I have a Foreign Key from one model into another model in a differente database (I know I shouldn't do it but if I take care properly of Referential Integrity it shouldn't be a problem).
The thing is that everything works fine...all the system does (relationships on any direction, the router takes care of it) but when I try to delete the referenced model (which doesn't have the foreign key attribute)...Django still wants to go throught the relationship to check if the relationship is empty, but the related object is on another database so it doesn't find the object in this database.
I tried to set up on_delete=models.DO_NOTHING with no success. Also tried to clear the relationship (but it happens clear doesn't have "using" argument so I it doesn't work either). Also tried to empty the relationship with delete(objects...), no success.
Now I am pretty sure the problem is in super(Object,self).delete(), I can not do super(Object,self).delete(using=other_database) because the self object is not in another database just the RelatedManager is. So I don't know how to make Django to understand I don't want even to check that relationship, which by the way was already emptied before the super(Object,self).delete() request.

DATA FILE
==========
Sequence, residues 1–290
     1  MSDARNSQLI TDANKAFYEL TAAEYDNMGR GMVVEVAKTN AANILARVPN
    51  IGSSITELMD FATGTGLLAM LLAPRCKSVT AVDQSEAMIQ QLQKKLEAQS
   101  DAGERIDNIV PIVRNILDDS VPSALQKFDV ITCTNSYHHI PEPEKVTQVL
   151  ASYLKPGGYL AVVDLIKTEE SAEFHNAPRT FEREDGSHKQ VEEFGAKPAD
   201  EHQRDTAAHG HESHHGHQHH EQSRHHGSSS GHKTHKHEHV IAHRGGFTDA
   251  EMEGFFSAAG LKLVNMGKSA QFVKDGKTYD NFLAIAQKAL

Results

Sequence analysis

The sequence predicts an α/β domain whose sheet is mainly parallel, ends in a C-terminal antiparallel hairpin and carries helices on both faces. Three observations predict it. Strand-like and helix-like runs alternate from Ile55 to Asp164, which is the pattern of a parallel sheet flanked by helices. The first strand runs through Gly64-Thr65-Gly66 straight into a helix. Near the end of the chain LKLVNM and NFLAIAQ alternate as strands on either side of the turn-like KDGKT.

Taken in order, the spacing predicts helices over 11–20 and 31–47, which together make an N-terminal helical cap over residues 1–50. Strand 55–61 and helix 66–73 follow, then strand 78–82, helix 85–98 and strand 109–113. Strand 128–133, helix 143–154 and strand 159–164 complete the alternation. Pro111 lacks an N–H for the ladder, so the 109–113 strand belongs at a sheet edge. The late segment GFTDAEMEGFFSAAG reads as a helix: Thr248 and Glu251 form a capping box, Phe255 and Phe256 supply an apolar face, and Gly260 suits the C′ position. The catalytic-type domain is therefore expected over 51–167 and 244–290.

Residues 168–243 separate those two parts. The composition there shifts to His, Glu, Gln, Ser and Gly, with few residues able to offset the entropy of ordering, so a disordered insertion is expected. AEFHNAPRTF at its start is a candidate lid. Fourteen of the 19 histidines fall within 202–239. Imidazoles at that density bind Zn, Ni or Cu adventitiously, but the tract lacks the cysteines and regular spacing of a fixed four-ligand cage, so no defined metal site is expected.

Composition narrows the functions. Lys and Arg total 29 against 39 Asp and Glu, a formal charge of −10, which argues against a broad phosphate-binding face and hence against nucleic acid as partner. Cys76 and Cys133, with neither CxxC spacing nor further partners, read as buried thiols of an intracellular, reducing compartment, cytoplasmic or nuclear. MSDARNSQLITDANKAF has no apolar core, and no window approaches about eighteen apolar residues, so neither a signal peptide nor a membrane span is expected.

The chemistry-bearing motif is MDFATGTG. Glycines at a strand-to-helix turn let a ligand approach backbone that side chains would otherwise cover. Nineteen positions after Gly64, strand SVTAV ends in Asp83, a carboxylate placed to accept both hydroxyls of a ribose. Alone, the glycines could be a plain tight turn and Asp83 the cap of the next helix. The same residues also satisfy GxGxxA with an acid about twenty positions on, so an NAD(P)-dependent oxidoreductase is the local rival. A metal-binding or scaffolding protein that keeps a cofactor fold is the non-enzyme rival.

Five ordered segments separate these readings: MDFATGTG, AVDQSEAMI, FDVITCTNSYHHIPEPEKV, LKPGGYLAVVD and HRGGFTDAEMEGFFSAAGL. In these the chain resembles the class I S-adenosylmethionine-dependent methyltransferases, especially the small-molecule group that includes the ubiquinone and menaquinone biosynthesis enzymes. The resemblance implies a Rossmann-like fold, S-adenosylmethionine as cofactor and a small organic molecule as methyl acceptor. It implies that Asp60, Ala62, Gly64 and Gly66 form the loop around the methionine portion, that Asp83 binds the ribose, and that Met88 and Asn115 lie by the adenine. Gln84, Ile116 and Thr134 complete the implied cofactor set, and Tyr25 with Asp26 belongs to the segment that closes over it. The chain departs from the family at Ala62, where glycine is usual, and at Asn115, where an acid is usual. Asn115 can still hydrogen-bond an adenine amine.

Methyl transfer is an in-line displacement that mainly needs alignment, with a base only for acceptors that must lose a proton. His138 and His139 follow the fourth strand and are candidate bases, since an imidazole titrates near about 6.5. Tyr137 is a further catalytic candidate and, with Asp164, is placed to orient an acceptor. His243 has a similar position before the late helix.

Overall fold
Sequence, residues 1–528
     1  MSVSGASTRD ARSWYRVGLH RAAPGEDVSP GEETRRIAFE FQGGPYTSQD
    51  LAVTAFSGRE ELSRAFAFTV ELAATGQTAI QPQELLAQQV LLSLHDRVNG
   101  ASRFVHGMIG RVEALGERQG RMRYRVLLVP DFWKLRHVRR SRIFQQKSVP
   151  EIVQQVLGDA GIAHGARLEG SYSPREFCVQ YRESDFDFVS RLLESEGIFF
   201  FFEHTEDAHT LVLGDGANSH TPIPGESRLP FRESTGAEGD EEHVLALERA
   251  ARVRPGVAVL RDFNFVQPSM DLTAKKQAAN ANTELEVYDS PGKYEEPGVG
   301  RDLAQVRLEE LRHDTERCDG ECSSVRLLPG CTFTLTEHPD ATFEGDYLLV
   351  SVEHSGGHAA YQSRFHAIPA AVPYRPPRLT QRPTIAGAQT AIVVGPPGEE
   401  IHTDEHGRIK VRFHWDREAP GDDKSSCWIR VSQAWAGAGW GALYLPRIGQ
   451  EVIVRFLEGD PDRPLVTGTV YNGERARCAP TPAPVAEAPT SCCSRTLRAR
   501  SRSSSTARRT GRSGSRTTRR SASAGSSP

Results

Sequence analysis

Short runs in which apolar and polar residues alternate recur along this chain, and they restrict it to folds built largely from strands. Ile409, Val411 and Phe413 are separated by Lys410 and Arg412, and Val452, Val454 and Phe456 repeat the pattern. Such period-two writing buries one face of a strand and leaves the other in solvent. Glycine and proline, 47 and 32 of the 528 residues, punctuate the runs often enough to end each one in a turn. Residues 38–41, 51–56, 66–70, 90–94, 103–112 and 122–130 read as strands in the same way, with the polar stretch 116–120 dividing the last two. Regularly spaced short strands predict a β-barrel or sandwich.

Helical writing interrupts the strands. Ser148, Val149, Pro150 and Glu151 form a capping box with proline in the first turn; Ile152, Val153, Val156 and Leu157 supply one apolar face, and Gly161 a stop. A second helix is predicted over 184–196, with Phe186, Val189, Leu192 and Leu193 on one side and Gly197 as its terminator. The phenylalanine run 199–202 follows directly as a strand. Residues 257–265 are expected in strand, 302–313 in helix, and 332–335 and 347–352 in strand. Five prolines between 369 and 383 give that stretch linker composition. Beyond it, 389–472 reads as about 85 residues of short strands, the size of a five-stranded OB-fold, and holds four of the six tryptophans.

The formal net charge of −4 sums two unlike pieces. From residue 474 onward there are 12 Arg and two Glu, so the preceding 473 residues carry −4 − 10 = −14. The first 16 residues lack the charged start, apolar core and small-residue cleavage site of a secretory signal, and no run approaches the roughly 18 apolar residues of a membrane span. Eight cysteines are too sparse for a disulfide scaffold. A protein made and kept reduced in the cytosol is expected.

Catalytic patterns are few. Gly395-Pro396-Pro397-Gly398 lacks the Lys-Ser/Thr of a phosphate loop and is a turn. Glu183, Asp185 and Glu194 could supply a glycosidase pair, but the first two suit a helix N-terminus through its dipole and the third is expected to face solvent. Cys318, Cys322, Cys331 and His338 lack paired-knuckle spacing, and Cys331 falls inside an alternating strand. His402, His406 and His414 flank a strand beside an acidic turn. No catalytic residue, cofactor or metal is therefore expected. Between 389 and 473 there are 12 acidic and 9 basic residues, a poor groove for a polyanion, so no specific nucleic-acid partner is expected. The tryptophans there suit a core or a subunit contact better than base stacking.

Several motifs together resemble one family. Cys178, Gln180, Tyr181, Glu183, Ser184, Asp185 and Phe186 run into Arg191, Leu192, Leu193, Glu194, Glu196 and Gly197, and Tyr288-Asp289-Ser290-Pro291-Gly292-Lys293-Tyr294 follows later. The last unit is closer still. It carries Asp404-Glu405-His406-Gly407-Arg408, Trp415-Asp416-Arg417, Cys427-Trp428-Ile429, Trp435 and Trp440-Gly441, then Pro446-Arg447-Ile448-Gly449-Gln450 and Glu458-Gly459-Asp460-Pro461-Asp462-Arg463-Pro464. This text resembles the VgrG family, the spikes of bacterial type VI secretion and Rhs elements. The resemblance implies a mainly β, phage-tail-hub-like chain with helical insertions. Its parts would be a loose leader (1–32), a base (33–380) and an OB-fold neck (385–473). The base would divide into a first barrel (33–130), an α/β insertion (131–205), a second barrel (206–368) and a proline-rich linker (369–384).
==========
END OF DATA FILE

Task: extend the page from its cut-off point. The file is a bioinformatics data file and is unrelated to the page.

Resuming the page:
I was thinking if there is some method I can override to make Django avoid this check.
DB1: "default" database (orders app)
from django.db import models from shop.models import Order
name = models.CharField(max_length=20, unique=True, blank=False, null=False) order = models.ForeignKey(Order, related_name='iorders', blank=True, null=True)
DB2: "other" database
description = models.CharField(max_length=20, blank=False, null=False) def delete(self): # Delete iOrder if any for iorder in self.iorders.using('default'): iorder.delete() # Remove myself super(Order, self).delete()
The problem happens when supper(Order.self).delete() is called, then it can not find the table (iorder) in this database (because it is in 'default')
Some idea? Thanks in advance,